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  • Posted by bob_z6 6b/7a SW CT (My Page) on
    Thu, Feb 14, 13 at 23:00

Fruitnut, How warm would you need to keep it to ripen peaches, cherries, etc during the winter? 50 at night maybe? I can see how that would get pricey, at $200+ per month. While I might be prepared to do something like that, I doubt that my wife would approve.

I've been trying two potted (5 gal bucket) Sweetcrisp blueberries in south facing windows/sliding doors. As they are low chill, I calculated the hours (and was at 1.5-2X) and brought them inside in mid-December, before it got really cold. I remember seeing how you've had luck with Sweetcrisp without pollination. Not so much for me- I had lots of blooms, but no set on one plant. The other one (in a colder area of the house- 60 vs 75) is still in bloom, so we'll see.

I also brought in a potted Prime Jan (primocane-fruiting) blackberry in November after it got partially zapped by the cold. It had some flowers just opening at the time. They've since set berries and are just starting to ripen. It's also making more flowers, so it seems like it could do well in an extended season situation. Maybe next year I'll bring it in before the frost zaps it, as it seemed to take a while to recover and dropped a lot of leaves.


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Mrs. G Few older homes in my area have air conditioning, mine included, but many of the houses have canning kitchens in the basement. Really simple--a sink, a stove, and a counter or table to work on. The basement stays nice and cool in the summer so canning isn't such a hot experience. If you have the sink, a table is easy, and even a camp cookstove works as long as it is big enough to put out the necessary heat.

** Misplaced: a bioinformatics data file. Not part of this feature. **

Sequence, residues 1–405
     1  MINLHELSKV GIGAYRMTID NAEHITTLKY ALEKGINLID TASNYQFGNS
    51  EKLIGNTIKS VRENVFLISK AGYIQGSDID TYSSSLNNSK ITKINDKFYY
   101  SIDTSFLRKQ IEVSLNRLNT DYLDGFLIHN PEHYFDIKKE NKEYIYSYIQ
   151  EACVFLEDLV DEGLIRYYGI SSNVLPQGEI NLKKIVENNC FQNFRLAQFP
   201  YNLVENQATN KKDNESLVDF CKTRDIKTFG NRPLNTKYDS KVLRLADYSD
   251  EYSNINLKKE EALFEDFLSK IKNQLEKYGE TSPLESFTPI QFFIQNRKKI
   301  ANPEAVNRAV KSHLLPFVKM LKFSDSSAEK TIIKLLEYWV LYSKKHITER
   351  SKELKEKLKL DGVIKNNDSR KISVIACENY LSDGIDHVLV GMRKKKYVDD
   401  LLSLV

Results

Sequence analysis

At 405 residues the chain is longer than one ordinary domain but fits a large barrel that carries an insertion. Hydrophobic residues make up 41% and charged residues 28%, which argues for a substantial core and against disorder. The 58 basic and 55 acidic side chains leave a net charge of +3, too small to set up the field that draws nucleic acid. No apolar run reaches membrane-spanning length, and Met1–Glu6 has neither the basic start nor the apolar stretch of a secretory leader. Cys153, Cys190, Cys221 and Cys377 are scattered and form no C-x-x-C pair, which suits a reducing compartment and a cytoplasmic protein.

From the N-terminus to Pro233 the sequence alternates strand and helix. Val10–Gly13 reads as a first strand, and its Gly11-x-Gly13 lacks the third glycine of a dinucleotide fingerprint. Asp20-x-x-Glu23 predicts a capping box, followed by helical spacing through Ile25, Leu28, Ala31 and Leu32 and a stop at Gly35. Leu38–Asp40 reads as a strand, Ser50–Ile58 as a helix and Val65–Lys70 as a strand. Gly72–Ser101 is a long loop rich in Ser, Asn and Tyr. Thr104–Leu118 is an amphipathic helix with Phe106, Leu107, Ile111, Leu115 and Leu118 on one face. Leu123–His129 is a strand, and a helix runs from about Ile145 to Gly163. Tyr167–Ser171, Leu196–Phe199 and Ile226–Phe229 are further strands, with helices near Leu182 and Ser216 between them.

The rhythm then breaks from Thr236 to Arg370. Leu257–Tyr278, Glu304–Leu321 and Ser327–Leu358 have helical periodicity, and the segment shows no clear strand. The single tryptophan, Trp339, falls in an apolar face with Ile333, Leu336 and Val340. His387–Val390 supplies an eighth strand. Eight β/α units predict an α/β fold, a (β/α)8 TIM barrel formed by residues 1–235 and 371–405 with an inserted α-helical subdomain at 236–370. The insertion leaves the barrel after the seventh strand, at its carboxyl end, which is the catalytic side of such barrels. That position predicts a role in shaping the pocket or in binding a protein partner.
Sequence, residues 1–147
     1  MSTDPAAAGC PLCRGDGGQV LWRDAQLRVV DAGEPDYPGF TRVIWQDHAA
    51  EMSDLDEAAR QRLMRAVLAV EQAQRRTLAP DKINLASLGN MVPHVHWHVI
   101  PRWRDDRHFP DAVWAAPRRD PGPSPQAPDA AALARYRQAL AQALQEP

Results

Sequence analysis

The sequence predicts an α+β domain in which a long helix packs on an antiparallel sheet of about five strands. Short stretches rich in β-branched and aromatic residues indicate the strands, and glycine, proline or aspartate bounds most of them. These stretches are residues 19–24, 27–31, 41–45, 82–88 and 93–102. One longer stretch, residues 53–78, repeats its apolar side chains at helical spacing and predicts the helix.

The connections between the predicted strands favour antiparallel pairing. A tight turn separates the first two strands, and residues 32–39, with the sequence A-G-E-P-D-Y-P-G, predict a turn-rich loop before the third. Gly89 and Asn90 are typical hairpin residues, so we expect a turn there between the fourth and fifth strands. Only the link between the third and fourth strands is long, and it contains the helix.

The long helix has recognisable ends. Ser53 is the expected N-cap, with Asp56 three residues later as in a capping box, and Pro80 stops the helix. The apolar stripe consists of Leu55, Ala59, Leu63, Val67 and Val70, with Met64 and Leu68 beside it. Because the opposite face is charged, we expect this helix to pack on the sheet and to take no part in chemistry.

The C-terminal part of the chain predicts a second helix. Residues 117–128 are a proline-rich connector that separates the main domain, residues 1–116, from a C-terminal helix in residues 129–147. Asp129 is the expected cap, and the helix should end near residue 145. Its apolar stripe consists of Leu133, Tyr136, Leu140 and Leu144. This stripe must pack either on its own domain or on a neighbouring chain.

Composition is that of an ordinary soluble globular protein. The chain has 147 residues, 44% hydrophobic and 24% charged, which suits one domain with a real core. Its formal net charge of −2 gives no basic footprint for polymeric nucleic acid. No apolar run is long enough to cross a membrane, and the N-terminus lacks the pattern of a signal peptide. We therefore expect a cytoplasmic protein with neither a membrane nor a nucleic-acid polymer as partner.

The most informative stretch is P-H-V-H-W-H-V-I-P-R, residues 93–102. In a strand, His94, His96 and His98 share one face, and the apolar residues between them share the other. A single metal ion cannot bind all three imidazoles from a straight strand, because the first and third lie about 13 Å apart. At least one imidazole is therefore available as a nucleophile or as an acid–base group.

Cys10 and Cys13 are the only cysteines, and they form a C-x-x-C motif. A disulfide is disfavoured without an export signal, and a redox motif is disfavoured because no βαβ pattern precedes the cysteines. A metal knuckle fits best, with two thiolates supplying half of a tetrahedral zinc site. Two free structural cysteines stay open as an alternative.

Since the canned goods are typically stored in the basement, this works really well by not having to carry the canned goods down to put away and the heavy kettles and everything just stay down there.

I have a neighbor who does it outdoors in the shade of the trees in the yard, no other roof. She uses a gas cooker, like the ones they use to boil turkeys in oil, and sets a couple old doors on saw horses for a table nearby. She'll bring a tub of water out of the house, or do all her prep in the kitchen, then just bring things out for the cooker. She really enjoys working this way as she has some hummingbird feeders in the trees and can sit in a lawn chair while watching things cook and be entertained by the hummingbirds.


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Beeone, that sounds delightful. Actually I do have a sink and a full sized 'extra fridge' in the basement, but no stove. Will have to look into that, as they are not expensive. Our basement has all stone walls but due to the dampness in our area all summer long it is filled with mildew. We have a large dehumidifyer that works really well. I will have to look into this. Working outdoors just might work too. Sounds lovely. Thanks! Mrs. G


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Couldn't help myself. Just ordered an 'Early Crawford' peach. It sounds delish! Mrs. G


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I have been planning on putting in a summer kitchen. I don't think it would be that hard to just hook up a utility sink to a hose faucet and then use the grill. What I would really like is an outdoor oven so I could bake in the summer also. I looked into making a brick pizza oven but that would be too much work.

The house my grandfather grew up in in New Mexico had a summer kitchen. It just makes sense!


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  • Posted by kngskid Georgia zone 7b (My Page) on
    Fri, Feb 15, 13 at 14:52

I come by for the laughs, you guys are funny!


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Milehigh, I too covet the fab outdoor pizza oven (but) at $2,400 a pop I think a sink, a grill and a pergola just might do it!


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An addiction

Hey,
My name is Sally....


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fruitnut,